On January 21, the White House issued a Fact Sheet outlining actions that the U.S. Government is undertaking to attract STEM talent to come to and remain in the United States. Important changes to the different visa types are outlined below:
J1 Visas – In support of the recent Joint Statement of Principles in Support of International Education, the U.S. Department of State’s Bureau of Educational and Cultural Affairs announced the Early Career STEM Research Initiative. Under the new Opportunity for Academic Training Extensions for J-1 College and University Students in STEM Fields, Undergraduate and Pre-Doctoral J-1 students who have recently completed STEM-related studies are now eligible for a maximum of 36 months of academic training. This new initiative will run for the next two academic years 2021-2022 and 2022 and 2023.
F1 OPT – In order to attract STEM talent to the United States, the Department of Homeland Security has included 22 new fields of study to the list of STEM programs eligible for the 24 month OPT STEM extension. The added STEM fields include areas of study that are in new multidisciplinary and emerging fields which are vital to supporting the U.S. economy and technological competitiveness. The 22 new fields that have been added are listed in the Federal Registry’s Update to the Department of Homeland Security STEM Designated Degree Program List.
O-1A – U.S. Citizenship and Immigration Services issued a Policy Alert announcing an update to the USCIS policy manual related to “extraordinary ability” (O-1A) nonimmigrant status. The update provided new policy guidance related to the adjudication of O-1A nonimmigrant visas. O-1 beneficiaries who possess a STEM degree. The new update provides examples of evidence that may satisfy the O-1A evidentiary criteria and discusses considerations that are relevant to evaluating such evidence, with a focus on the highly technical nature of STEM fields. Additionally, it provides examples of possible comparable evidence that may be submitted in support of petitions for beneficiaries working in STEM fields. The guidance, contained in Chapter 4 of Volume 2 of the USCIS Policy Manual is effective immediately.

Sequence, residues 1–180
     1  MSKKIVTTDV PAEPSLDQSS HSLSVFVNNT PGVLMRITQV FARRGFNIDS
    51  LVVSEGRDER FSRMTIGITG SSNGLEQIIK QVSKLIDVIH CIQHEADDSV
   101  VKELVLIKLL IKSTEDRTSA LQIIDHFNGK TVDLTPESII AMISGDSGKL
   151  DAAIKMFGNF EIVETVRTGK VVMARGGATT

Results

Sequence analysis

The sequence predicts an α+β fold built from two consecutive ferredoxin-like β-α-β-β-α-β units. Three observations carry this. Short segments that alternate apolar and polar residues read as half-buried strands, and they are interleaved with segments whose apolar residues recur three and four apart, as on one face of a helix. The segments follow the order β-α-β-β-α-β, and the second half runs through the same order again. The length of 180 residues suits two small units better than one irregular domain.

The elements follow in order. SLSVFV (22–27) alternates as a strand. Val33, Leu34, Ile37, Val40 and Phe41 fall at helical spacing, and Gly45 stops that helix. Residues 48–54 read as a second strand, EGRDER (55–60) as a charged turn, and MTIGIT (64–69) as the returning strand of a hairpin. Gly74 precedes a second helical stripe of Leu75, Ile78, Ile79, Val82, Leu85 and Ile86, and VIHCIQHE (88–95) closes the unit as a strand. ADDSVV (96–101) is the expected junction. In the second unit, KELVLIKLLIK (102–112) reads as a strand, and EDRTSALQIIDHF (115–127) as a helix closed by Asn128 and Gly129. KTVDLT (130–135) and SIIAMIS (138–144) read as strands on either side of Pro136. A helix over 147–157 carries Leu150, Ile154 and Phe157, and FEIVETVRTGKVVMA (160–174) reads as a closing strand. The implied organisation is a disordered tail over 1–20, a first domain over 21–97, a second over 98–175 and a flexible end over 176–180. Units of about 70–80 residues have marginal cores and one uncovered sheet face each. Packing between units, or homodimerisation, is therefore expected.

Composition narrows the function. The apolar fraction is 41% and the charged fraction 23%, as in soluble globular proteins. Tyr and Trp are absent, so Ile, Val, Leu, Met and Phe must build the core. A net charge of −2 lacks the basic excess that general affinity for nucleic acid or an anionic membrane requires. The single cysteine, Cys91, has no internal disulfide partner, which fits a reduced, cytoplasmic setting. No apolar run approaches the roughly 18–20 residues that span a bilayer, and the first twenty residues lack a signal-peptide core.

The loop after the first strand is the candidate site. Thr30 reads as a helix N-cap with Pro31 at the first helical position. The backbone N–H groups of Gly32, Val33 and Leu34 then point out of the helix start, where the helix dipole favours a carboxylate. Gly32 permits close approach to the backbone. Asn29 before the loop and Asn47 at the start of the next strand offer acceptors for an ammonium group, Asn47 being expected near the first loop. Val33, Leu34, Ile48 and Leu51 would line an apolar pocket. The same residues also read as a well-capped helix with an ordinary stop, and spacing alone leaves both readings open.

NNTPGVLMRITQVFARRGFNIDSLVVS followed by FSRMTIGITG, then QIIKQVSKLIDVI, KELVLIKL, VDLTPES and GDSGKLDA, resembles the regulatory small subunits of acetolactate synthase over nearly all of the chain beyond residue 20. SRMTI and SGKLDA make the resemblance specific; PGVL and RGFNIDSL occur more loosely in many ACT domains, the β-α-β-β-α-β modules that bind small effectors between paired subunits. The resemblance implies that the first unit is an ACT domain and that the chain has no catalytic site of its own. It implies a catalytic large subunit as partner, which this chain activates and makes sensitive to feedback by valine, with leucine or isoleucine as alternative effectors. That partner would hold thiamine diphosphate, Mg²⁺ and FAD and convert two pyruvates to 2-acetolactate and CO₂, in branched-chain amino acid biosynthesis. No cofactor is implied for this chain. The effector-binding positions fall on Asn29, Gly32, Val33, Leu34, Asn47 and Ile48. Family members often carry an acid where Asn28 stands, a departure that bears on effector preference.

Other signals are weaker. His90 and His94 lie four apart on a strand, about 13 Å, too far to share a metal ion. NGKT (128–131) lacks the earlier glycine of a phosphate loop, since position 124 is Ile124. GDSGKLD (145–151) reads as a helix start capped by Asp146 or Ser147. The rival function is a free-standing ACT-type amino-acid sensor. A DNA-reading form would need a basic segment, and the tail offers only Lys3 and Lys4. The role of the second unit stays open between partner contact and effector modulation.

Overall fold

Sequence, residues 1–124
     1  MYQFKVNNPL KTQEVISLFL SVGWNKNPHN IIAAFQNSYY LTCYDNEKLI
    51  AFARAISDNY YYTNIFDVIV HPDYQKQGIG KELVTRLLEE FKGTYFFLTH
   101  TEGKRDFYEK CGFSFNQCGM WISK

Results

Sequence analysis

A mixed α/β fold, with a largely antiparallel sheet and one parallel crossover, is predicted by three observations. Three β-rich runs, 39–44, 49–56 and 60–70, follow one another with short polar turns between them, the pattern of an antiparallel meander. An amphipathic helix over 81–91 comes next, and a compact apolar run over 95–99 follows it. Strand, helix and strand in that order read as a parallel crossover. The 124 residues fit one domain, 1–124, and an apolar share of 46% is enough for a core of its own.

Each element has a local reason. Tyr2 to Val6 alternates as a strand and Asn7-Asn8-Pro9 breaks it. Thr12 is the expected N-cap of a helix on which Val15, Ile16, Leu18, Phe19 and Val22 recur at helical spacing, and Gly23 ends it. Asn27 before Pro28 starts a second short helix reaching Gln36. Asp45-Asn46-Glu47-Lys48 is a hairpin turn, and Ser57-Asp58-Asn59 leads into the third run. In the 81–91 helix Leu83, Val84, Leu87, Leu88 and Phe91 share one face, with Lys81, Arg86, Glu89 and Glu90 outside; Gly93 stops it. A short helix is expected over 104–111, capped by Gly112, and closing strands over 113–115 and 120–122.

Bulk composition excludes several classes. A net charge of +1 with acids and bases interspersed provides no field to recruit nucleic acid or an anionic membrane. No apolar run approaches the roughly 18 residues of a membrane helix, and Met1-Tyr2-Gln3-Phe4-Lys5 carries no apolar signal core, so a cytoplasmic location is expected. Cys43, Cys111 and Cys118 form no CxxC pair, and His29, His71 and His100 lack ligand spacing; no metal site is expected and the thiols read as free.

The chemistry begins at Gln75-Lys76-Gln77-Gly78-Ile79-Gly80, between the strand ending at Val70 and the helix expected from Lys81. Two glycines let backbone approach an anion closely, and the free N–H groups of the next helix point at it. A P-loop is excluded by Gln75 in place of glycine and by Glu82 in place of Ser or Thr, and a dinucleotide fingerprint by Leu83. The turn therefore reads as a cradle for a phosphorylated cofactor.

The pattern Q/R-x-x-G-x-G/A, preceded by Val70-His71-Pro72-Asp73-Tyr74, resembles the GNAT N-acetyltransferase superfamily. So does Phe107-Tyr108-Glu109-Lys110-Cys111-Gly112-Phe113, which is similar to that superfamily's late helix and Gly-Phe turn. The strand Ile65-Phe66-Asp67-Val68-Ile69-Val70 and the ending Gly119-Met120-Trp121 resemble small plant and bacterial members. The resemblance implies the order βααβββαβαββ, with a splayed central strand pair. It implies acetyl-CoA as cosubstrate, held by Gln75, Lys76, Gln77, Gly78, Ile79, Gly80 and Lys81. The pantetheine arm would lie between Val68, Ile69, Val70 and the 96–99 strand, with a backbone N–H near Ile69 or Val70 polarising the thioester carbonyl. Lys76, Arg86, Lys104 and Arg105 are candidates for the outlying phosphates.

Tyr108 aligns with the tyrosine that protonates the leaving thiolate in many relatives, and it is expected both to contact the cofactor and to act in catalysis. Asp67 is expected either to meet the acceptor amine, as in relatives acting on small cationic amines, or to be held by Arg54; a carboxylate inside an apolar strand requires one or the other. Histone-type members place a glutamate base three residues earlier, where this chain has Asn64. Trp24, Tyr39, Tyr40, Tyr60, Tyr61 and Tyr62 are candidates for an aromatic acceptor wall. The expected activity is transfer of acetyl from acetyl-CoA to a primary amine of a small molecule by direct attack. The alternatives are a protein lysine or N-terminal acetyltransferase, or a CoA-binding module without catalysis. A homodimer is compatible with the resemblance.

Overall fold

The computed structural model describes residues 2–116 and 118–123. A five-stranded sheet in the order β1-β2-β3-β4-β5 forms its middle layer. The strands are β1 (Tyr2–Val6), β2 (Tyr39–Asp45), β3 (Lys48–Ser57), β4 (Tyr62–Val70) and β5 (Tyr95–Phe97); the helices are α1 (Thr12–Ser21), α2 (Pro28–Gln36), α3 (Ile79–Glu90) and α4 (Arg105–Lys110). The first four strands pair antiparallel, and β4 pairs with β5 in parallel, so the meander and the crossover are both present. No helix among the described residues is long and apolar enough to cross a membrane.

National Interest Waivers – The USCIS also issued a Policy Alert clarifying how the National Interest Waiver can be used by STEM graduates with an advanced degree. the policy update clarifies how the national interest waiver can be used for persons with advanced degrees in STEM fields and entrepreneurs, as well as the significance of letters from governmental and quasi-governmental entities. Of note is the guidance states that “(t)he mere possession of a degree, diploma, certificate or similar award from a college, university, school, or other institution of learning is not by itself considered sufficient evidence of exceptional ability.” To qualify for a National Interest Waiver the petitioner must still meet the requirements set forth in the Matter of Dhanasar. The guidance contained in USCIS Policy Manual Volume 6, Part F, Chapter 5 is effective immediately.
The changes announced by the White House and implemented by the Department of State, Department of Homeland Security and the Department of Education are very important and demonstrate the recognition by the Federal Government of the need to attract and maintain top talent to meet the high demand for STEM educated workers in the U.S. While there are still complex hurdles that need to be cleared to successfully obtain an O-1A or an NIW, the government has for now helped clarify how the USCIS will adjudicate STEM related petitions and has provided Immigration Attorneys additional tools to craft successful arguments to help STEM graduates remain in the U.S.
Please feel free to contact us for a free consult to see how we can help you obtain an O-1 or an NIW under the new USCIS guidelines.